Georgie thought he was one of the family. When he wasn't flying around the room he was on my head being carried.
Some of Mrs. Honor Weightman’s memories of a life in Burradon written down and kindly contributed by her daughter Lindsey. These memories have been split into seven separate parts because they have so much rich material in them. If you’d like to read the whole story you’ll need to read Burradon Memories Parts 1 to 7. They cover many aspects of life in Burradon and offer a fascinating insight into village life
This is the story about Georgie, my Mam’s budgerigar, who came to live with me when she died. He thought he was one of the family. When he wasn’t flying around the room he was on my head being carried. His favourite saying was, “give me a kiss Georgie”.
One bitterly cold winter’s day, I had hung the washing out, hoping it would dry. It began to sleet and rain and, forgetting the bird was on my head, I rushed out to collect the clothes. The poor bird was blown off his perch and was carried away. I only caught a glimpse of his lovely blue plumage and he was gone. Dick got in from work (off night shift) and instead of going to bed he went out to search for Georgie but, no luck. He talked to Mr. Black who used to breed budgies and he said: “rest assured it will be dead. It couldn’t survive in the severe cold”. We just consoled ourselves by believing he would have died quickly. I stood the birdcage up in the garden (just in case).
Next day Mrs. Ovens called on some errand and I told her what had happened. She ran to the door and shouted to Mr. Ovens, “Bob, hurry up. The blue budgie we saw up at the Church belongs here”. Off he went, to return birdless. He said John Anderson had tried to catch it and it had again flown off. Vicar Frank Bartley, on hearing the tragic news, came down to assure us that the bird’s end would be swift, the Kestrel that nested up at the Church would kill it with one swoop.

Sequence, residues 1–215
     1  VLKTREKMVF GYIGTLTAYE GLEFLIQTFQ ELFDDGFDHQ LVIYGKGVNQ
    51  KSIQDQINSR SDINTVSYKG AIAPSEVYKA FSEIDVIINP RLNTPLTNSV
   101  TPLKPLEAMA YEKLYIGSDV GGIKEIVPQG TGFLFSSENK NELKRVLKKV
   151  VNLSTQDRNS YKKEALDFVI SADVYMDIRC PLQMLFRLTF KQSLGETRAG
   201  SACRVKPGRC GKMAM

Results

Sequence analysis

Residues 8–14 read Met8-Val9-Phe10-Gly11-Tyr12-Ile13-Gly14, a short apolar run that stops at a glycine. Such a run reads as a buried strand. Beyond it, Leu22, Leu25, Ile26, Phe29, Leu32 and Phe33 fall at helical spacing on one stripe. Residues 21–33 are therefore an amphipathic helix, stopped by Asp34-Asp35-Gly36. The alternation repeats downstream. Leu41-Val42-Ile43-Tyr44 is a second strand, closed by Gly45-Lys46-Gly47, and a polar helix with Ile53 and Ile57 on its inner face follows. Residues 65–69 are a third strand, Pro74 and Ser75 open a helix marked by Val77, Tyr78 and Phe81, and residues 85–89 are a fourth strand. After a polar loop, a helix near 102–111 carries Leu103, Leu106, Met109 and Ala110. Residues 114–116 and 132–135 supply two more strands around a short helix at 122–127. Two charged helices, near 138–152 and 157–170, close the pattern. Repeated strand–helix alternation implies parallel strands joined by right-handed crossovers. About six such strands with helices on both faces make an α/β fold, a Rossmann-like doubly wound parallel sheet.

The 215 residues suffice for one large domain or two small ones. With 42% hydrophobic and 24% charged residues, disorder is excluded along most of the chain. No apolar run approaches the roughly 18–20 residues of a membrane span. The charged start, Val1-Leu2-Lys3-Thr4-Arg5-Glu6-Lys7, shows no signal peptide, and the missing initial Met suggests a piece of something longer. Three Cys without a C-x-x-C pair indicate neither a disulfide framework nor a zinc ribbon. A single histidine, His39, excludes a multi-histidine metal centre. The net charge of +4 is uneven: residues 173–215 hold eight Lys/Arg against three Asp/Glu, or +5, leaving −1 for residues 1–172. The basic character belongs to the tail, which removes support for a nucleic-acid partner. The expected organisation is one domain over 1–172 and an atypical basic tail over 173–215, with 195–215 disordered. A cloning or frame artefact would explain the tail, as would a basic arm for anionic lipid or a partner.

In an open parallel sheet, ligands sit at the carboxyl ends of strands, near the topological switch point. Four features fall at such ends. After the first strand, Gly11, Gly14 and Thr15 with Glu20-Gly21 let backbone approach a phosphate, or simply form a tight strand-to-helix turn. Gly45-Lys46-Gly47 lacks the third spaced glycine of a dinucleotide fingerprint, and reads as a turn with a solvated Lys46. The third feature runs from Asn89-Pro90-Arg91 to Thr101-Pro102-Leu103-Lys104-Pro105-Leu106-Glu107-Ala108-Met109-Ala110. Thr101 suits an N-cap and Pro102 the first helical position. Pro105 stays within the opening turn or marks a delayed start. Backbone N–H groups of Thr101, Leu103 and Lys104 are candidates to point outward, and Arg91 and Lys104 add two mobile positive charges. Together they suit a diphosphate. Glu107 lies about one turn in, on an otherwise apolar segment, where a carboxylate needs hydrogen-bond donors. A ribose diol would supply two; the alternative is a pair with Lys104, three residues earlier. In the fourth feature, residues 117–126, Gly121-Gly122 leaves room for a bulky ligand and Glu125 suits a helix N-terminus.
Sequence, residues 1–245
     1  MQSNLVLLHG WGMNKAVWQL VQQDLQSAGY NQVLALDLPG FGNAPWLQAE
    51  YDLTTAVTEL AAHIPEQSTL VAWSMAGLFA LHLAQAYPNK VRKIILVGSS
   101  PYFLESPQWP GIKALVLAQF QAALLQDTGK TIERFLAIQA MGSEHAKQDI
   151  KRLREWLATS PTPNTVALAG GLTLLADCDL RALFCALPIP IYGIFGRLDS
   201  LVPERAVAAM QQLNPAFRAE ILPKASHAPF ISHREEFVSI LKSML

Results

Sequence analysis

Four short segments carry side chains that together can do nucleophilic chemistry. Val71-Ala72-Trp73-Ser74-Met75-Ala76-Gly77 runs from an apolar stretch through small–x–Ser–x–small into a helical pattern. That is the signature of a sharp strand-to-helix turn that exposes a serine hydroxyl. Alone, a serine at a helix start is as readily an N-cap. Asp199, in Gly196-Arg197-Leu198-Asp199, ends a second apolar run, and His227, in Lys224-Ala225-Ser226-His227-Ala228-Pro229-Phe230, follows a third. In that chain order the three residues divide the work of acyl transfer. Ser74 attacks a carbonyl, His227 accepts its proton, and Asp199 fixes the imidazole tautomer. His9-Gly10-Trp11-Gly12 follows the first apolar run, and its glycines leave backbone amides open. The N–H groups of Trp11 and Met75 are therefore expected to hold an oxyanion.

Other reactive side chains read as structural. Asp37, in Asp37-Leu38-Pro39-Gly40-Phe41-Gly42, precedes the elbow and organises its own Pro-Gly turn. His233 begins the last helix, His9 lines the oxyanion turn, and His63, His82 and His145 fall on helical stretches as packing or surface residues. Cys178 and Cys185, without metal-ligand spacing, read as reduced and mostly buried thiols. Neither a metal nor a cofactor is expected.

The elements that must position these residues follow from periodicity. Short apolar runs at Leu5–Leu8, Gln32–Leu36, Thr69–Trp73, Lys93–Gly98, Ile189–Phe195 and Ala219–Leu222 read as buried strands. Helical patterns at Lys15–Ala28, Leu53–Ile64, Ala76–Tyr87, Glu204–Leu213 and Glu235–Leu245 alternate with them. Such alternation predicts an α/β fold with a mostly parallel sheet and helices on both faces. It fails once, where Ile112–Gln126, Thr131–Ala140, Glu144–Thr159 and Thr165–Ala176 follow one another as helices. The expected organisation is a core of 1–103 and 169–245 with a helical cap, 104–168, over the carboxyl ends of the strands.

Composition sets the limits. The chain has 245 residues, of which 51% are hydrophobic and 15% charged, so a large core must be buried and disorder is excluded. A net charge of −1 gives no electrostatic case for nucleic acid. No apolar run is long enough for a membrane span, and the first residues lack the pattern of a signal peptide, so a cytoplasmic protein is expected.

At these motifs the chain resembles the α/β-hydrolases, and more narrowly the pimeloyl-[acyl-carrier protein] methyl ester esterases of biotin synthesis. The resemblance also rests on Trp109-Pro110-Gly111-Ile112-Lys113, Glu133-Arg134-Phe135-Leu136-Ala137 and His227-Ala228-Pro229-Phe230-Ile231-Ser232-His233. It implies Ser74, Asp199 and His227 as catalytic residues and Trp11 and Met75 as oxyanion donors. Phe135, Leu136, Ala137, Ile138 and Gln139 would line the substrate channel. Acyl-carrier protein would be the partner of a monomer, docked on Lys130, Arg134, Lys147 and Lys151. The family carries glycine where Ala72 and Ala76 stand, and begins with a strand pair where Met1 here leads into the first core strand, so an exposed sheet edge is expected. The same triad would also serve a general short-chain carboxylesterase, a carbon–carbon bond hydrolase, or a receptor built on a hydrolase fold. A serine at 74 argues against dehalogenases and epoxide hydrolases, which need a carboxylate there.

Three days later Mr. Ovens came rushing in and said, “Hurry up. Georgie is sitting outside our window. Bring the cage”. Our feet never touched the floor and sure enough the bird was there, so weak and thin he didn’t even open his eyes. I just said, “give me a kiss, Georgie” and he stepped straight onto my outstretched hand. I took him straight home, gave him a little warm water with a drop of brandy and covered his cage, having been told once again he was dying but, at least we had the satisfaction of knowing where he was.
To cut a very long story short, within a week the bird was hale and hearty and flying around saying “Give me a kiss Georgie”. The only places my Mam ever visited were my house, the Church and Mrs. Ovens, the three places it had been seen. I used to make the ending so dramatic the listeners always ended up clapping.
I’ll try to put into words exactly what I believe and hope it will be to someone’s benefit. Everyone should leave at least one thought behind. I believe and advise, “Always look for the best possible interpretation of people’s behaviour. Usually the faults we see in others are our own faults”
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